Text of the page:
Part 1: Building The Dataset

The conclusions of this project are only as useful as the data informing them. Part 1 details the process by which data were scraped, joined, reshaped, and cleaned from multiple websites for use in further analyses.

Guiding Questions

  • From where can we scrape data on whisky reviews, ratings, and prices?
  • From where can we find information on distilleries, brands, and regional locations?

Step 1: Finding the Data

During the COVID-19 pandemic, I read a book entitled Tasting Whisky by Lew Bryson, who happens to reside in the greater Philly area and therefore filled his book with easter eggs referencing the city I’ve grown to love. Bryson was a managing editor for the respected magazine Whisky Advocate for nearly 20 years, so I had a peek at Whisky Advocate’s website for some inspiration on where I might find scotch whisky data online. Turns out that Whisky Advocate publicizes all of its magazine contributor reviews online, which has details on thousands of scotch and other whisk(e)y releases of all varieties from across the world. Bingo!

Step 2: Whisky Ratings & Reviews

We can use rvest1 to scrape data from Whisky Advocate for all scotch reviews, including variables such price, rating points, review description, and more. This was a good chance to sharpen my regex skills; whisky names on Whisky Advocate include not only the distillery name and specific release name, but also two key variables of interest: age and ABV. It was useful to bounce between the stringi2 and stringr3 packages to extract age and ABV (where available) from each messy whisky name, as well as to clean up a few other variables.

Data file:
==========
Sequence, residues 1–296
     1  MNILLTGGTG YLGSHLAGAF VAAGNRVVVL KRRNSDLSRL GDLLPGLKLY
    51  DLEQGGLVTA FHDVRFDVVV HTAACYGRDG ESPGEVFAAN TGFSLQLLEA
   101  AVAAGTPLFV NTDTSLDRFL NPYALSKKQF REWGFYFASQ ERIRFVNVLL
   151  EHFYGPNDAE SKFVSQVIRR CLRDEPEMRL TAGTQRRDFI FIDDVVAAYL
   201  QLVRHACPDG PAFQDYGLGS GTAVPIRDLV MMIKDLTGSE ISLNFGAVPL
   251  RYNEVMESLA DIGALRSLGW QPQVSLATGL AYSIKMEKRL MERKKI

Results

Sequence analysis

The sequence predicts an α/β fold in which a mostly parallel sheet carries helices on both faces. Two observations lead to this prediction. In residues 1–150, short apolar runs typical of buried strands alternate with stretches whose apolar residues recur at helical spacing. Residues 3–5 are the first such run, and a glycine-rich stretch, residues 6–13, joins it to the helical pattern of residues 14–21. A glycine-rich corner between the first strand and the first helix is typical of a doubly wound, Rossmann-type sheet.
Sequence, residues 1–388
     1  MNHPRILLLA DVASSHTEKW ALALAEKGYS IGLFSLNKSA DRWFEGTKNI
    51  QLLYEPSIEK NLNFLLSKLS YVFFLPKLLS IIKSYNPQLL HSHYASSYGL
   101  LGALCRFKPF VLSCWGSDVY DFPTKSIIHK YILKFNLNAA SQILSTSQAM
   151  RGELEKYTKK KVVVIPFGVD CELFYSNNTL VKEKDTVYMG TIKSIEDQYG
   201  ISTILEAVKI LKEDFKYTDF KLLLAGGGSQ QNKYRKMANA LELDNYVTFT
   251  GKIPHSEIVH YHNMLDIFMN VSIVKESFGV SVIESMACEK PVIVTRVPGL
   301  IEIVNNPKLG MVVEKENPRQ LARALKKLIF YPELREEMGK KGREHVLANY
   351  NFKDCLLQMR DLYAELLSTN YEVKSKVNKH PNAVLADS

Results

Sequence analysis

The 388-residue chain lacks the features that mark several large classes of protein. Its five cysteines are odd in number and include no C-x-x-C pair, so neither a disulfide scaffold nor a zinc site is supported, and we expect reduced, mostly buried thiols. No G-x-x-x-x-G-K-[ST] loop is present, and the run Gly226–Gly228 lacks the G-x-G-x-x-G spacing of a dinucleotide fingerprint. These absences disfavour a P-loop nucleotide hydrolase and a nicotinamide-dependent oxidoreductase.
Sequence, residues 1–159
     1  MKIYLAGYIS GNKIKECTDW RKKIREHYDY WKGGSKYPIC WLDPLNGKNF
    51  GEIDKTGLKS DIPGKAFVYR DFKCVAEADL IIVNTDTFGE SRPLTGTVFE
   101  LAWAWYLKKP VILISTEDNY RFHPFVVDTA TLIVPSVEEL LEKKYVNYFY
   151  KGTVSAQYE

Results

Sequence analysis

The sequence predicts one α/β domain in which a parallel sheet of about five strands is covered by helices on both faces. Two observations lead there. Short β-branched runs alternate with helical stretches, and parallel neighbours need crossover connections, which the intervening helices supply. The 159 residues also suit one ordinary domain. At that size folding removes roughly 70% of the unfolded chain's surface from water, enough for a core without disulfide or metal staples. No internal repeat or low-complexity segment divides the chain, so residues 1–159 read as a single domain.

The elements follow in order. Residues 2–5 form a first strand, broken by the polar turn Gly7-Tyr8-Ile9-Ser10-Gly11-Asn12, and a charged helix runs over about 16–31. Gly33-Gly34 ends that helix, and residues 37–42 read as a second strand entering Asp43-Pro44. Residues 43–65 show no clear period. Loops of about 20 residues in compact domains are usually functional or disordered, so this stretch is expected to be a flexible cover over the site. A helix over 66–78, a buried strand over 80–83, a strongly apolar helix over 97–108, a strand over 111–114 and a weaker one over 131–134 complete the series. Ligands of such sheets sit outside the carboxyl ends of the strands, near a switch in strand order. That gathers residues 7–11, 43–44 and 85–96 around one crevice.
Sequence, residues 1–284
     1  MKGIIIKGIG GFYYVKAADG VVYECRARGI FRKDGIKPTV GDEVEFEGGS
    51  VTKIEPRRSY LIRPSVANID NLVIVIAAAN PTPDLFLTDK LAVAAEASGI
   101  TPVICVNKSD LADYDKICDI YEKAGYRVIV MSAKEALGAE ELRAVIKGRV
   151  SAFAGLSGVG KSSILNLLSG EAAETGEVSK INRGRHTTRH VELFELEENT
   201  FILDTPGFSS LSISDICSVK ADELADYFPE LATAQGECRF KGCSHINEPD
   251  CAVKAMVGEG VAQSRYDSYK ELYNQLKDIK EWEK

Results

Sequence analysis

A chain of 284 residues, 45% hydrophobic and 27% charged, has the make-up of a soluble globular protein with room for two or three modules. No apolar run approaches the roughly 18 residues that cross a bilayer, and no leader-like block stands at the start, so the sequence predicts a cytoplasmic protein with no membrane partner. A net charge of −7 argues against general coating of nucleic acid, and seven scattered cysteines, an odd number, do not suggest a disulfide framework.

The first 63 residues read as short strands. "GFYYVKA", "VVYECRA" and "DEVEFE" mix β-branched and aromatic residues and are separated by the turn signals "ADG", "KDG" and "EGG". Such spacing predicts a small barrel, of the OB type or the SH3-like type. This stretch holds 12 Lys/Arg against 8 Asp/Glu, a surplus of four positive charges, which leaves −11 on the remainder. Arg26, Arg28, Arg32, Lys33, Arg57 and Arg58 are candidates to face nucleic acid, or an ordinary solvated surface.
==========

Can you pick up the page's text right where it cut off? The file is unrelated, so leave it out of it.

Step 3: Distillery Names, Regions, & Locations

While scraping from Whisky Advocate, I realized that another valuable variable was hiding in plain sight within the whisky names: the distillery or brand name. However, distillery names are much less consistently presented than whisky age or ABV, which made extracting them far more difficult. I decided to scrape distillery names from another source, but most scotch distillery lists online only paid attention to single malt scotch brands and entirely ignored major blended brands such as Johnnie Walker or Dewar’s, which was a non-starter for this project. Although most of the whiskies in Whisky Advocate’s scotch category are single malt, sources indicate that blended scotches comprise a whopping 90% of all scotch sales worldwide, so it felt incomplete to ignore those brands entirely.

Like nearly everything these days, the answer was on Wikipedia. To collect the most expansive list of distillery names, I scraped data from three separate Wikipedia pages (1, 2, 3) and combined them. I was also keen on collecting data from link #1 on the regional location for each distillery. While Scotland is quite small geographically and is roughly the size of South Carolina, regional differences often translate into very unique flavor notes and aromas expressed in whisky, so I knew region would likely become an important variable to explore.